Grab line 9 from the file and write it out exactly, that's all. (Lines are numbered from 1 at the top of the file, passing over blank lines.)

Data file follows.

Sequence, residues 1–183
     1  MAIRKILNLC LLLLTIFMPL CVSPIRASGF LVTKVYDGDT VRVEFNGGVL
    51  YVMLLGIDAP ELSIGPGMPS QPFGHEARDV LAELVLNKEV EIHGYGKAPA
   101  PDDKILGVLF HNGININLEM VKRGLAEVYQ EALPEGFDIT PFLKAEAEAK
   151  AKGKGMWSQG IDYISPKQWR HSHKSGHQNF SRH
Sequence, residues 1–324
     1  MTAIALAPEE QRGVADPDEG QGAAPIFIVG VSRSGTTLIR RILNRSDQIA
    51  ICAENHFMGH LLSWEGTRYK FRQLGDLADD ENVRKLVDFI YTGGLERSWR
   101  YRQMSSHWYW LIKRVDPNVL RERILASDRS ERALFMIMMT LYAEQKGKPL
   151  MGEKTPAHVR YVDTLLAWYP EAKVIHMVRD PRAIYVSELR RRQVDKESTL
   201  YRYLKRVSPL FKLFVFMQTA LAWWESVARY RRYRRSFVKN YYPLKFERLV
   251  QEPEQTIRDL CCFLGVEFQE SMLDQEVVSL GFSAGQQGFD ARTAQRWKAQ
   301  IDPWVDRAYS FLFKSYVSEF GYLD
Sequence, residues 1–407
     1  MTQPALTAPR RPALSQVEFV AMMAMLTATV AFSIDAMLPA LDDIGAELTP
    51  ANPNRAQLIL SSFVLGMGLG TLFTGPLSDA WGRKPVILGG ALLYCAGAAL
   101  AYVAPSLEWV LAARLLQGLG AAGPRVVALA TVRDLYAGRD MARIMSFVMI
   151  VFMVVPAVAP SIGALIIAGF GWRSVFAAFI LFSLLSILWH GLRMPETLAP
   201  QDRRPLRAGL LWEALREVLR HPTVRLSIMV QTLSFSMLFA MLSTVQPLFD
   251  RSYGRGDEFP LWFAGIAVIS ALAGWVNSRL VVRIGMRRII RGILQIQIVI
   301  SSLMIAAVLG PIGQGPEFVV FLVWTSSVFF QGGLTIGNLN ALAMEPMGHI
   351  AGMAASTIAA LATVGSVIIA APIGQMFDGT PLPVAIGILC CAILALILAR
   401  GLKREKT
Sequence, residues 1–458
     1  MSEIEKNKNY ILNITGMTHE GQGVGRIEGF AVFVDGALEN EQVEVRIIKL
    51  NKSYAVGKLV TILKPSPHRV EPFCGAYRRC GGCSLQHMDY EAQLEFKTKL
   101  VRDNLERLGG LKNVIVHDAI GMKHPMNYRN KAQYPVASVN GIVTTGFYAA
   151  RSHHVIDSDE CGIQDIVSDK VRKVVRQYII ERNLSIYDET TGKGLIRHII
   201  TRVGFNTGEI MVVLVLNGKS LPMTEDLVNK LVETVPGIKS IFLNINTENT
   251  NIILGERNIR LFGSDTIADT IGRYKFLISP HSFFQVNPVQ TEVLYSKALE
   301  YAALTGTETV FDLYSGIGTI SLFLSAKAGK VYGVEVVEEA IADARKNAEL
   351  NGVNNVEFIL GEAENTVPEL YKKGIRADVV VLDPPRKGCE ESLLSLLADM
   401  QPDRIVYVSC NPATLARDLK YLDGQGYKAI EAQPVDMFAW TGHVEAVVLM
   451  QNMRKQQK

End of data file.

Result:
   101  YRQMSSHWYW LIKRVDPNVL RERILASDRS ERALFMIMMT LYAEQKGKPL